Further solidifying my personal preference for #TeamCap is Tony’s response to learning that the Winter Soldier killed his parents. Certainly his initial angry attack you can forgive, but he keeps at it, knowing that Bucky was brainwashed, and out and out stating that he doesn’t care. My biggest issue with Iron Man 3 was that Stark was casually discussing how he was going to kill various people, and I had a real problem with Iron Man as murderer. He was also truly the villain of Age of Ultron — or, at least, his hubris was — and his attack on Cap and Bucky at the climax was despicable. In character, mind you, but still despicable.

And yet that also proved that Stark may have been right to sign the Accords — when you’ve got something as powerful as the Iron Man armor in the hands of a dick, it might be a good idea to make sure that dick has regulatory agencies crawling up his ass. (For all the good it did here…..)

It would have been nice if at some point someone reminded Secretary Ross (or the folks on Stark’s side of the argument) that a) New York wasn’t actually the Avengers’ fault and b) while Wanda’s actions did result in a loss of life, that loss of life would have been considerably greater if Crossbones’s bomb had gone off at street level. That was mentioned in Cap’s pep talk to the Witch, but it should’ve also come up when talking to Ross. The Avengers really need a good PR person, something Howard Stark (as we’ve seen him particularly in Captain America: The First Avenger and Agent Carter) understood a helluva lot better than Tony does.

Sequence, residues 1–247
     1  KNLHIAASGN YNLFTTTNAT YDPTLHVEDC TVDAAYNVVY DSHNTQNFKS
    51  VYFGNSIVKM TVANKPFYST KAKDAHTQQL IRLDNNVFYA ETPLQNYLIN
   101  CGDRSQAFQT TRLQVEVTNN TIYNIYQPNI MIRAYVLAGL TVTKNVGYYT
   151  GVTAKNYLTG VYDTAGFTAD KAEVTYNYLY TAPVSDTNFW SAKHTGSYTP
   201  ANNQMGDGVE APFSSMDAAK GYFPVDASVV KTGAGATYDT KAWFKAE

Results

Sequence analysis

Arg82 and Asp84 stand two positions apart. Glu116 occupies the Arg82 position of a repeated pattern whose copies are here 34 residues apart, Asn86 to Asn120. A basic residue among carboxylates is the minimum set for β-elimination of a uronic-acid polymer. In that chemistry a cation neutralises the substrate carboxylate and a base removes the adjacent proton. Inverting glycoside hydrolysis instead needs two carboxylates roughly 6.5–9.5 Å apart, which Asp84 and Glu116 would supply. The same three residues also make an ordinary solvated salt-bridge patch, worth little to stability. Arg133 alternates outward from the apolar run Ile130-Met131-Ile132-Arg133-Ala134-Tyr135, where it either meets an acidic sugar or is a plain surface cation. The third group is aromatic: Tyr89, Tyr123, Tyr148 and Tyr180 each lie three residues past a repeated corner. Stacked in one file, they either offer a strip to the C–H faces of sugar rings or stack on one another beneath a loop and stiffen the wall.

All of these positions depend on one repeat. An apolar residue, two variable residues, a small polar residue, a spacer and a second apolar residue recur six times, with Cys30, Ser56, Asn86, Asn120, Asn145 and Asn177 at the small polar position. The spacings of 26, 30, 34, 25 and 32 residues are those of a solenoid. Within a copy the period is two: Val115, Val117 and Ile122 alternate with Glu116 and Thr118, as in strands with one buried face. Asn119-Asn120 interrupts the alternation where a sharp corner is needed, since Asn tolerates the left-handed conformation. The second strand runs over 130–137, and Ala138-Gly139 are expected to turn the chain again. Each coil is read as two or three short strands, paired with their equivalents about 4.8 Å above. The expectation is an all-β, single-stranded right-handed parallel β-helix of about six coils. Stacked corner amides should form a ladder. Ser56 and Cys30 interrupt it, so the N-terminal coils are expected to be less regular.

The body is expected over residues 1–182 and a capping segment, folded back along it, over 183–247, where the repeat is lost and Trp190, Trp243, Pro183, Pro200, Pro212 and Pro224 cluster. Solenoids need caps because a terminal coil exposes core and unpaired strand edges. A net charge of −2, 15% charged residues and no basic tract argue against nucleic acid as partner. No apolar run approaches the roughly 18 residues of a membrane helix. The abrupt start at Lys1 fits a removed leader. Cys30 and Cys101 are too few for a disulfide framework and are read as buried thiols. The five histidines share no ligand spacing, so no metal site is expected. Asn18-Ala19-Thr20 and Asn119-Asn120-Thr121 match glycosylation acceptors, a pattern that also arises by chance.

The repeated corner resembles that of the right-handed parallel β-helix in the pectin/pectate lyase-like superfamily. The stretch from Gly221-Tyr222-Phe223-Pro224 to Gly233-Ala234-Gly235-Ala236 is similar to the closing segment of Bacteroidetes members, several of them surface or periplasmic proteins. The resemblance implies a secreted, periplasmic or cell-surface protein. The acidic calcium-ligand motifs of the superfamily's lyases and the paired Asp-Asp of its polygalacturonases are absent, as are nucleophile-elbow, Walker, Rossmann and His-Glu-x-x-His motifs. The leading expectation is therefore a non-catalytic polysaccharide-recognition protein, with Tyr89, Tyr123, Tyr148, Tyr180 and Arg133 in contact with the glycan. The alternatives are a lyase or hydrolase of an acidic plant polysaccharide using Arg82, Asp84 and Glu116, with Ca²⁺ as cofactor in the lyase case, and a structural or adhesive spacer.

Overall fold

(Speaking of Agent Carter, Peggy Carter’s funeral was a fantastic scene, and you could just hear Hayley Atwell saying what Sharon quoted her as telling her niece about how you should force the world to move you. That motif was returned to several times — with people commenting that neither Steve nor Tony was going to give up, not to mention when Panther’s bodyguard threatened Widow — to good effect, and again shows what a valuable part of the MCU Peggy Carter has become.)

I haven’t even discussed all the other characters who get to be amazing in this movie. Both the Black Panther and Spider-Man get established very nicely, beautifully setting up their upcoming films, Ant-Man’s appearance is a very well done followup to his film (his dig at Stark from his prison cell was a nice callback to Pym’s issues with Stark in that movie), Hawkeye and the Black Widow remain the only adults in the entire franchise, it seems, and we get the beginnings of the Vision/Scarlet Witch pairing that was a centerpiece of the Avengers for so long in the comics.